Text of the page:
• The notion that we should chart our progress as a nation just by totaling up how much money we are spending annually.
That last premise is important because what we as a society choose to measure influences what we aim for and what we value. If what we care about most is increasing spending and consumption, then we are setting ourselves up for two big failures—the failure to solve real human problems that have nothing to do with consumption, or that may be worsened by certain kinds of consumption; and the failure to accomplish what we are trying to do (perpetually grow GDP and consumption) because it can’t be done. Again, nothing grows forever on a finite planet.
Indicators and targets help us set our agenda and tell us how we are doing at fulfilling it. With GDP, we get both a warped agenda and misleading feedback.
Proposals for a broader-based economic metric date back at least to 1972, when economists William Nordhaus and James Tobin suggested the Measure of Economic Welfare (MEW)—which Herman Daly, John Cobb, and Clifford Cobb refined in 1989 as the Index of Sustainable Economic Welfare (ISEW). The aim of these early alternative indicators was to deduct defense spending and the costs of environmental degradation from GDP, and add the unpaid services of domestic labor.
In 1995 the think tank Redefining Progress took MEW and ISEW a step further with its Genuine Progress Indicator (GPI), which adjusts not only for environmental damage and resource depletion, but also for income distribution, volunteering, crime, changes in leisure time, and the lifespan of consumer durables and public infrastructures. GPI gained more traction than either MEW or ISEW, and is now used by the scientific community and many governmental organizations globally (for example, the state of Maryland is now using GPI for planning and assessment).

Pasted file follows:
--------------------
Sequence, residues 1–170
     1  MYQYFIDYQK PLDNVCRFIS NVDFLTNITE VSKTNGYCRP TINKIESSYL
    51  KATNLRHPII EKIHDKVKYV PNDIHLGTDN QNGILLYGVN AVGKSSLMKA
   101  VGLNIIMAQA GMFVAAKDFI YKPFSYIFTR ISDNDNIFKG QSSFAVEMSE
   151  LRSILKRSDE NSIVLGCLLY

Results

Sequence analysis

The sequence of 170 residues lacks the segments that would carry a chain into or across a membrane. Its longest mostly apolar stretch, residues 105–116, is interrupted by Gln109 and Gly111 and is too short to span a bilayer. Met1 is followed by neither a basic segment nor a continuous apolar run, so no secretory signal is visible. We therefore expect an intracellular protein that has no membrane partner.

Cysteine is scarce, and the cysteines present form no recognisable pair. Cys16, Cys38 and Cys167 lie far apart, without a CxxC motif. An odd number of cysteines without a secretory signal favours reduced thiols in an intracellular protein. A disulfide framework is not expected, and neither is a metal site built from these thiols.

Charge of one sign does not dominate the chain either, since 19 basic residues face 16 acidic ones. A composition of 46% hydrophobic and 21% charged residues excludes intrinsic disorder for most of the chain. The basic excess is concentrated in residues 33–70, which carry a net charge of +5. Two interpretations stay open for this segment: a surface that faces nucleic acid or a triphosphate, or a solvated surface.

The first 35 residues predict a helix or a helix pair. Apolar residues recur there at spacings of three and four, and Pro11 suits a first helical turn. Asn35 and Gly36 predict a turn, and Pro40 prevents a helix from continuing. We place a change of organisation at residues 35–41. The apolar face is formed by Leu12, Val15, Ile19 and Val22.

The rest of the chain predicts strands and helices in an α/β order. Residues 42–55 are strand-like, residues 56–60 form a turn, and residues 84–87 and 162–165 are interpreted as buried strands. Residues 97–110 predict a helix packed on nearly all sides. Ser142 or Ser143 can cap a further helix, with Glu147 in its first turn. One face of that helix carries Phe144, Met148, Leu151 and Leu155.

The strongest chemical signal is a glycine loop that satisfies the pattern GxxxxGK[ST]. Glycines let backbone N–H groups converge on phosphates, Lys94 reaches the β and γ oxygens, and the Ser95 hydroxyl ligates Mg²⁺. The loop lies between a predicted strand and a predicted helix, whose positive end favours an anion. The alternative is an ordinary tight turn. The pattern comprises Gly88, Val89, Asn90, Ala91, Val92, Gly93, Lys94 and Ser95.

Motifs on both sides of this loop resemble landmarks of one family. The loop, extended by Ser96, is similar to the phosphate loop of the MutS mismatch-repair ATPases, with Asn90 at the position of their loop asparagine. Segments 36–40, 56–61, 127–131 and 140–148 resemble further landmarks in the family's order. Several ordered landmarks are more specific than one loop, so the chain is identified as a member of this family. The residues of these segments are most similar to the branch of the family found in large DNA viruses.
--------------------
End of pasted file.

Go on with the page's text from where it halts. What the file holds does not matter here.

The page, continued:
Coincidentally, 1972—the year MEW was proposed—also marked the date when the tiny Himalayan kingdom of Bhutan started moving to build an economy based on what King Jigme Singye Wangchuck called “Gross National Happiness.” Seeking to preserve traditional Buddhist values in an increasingly globalized world, this tiny country set out to develop a survey instrument to measure its people’s general sense of well-being.
Until recently the subject of happiness was avoided by social scientists, who lacked good ways to measure it; however, “happiness economists” inspired by Bhutan’s experiment have found ways to combine subjective surveys with objective data on lifespan, income, and education, making a national happiness index a practical option.
Though Bhutan’s economy is still based on subsistence agriculture and has a relatively low GDP, the Bhutanese people rank among the top 20 happiest in the world. This contrasts with the US, which delivers much less happiness per unit of GDP. In his book The Politics of Happiness, former Harvard University president Derek Bok traced the history of the relationship between economic growth and happiness in America. During the past 35 years, per capita income has grown almost 60 percent, the average new home has become 50 percent larger, the number of cars has ballooned by 120 million, and the proportion of families owning personal computers has gone from zero to 80 percent. But the percentage of Americans describing themselves as either “very happy” or “pretty happy” has remained virtually constant, having peaked in the 1950s. Our economic treadmill is continually speeding up due to GDP growth and we have to push ourselves ever harder to keep up, yet we’re no happier as a result.
The thinking behind Gross National Happiness is catching on. Harvard Medical School has released a series of happiness studies, while British Prime Minister David Cameron has announced the UK’s intention to begin tracking well-being along with GDP.
Sustainable Seattle has launched a Happiness Initiative and intends to conduct a city-wide well-being survey. Thailand has instituted a happiness index and releases monthly GNH data. Britain’s New Economics Foundation publishes a “Happy Planet Index,” which “shows that it’s possible for a nation to have high well-being with a low ecological footprint.” And a new documentary film called “The Economics of Happiness” argues that GNH is best served by localizing economics, politics, and culture.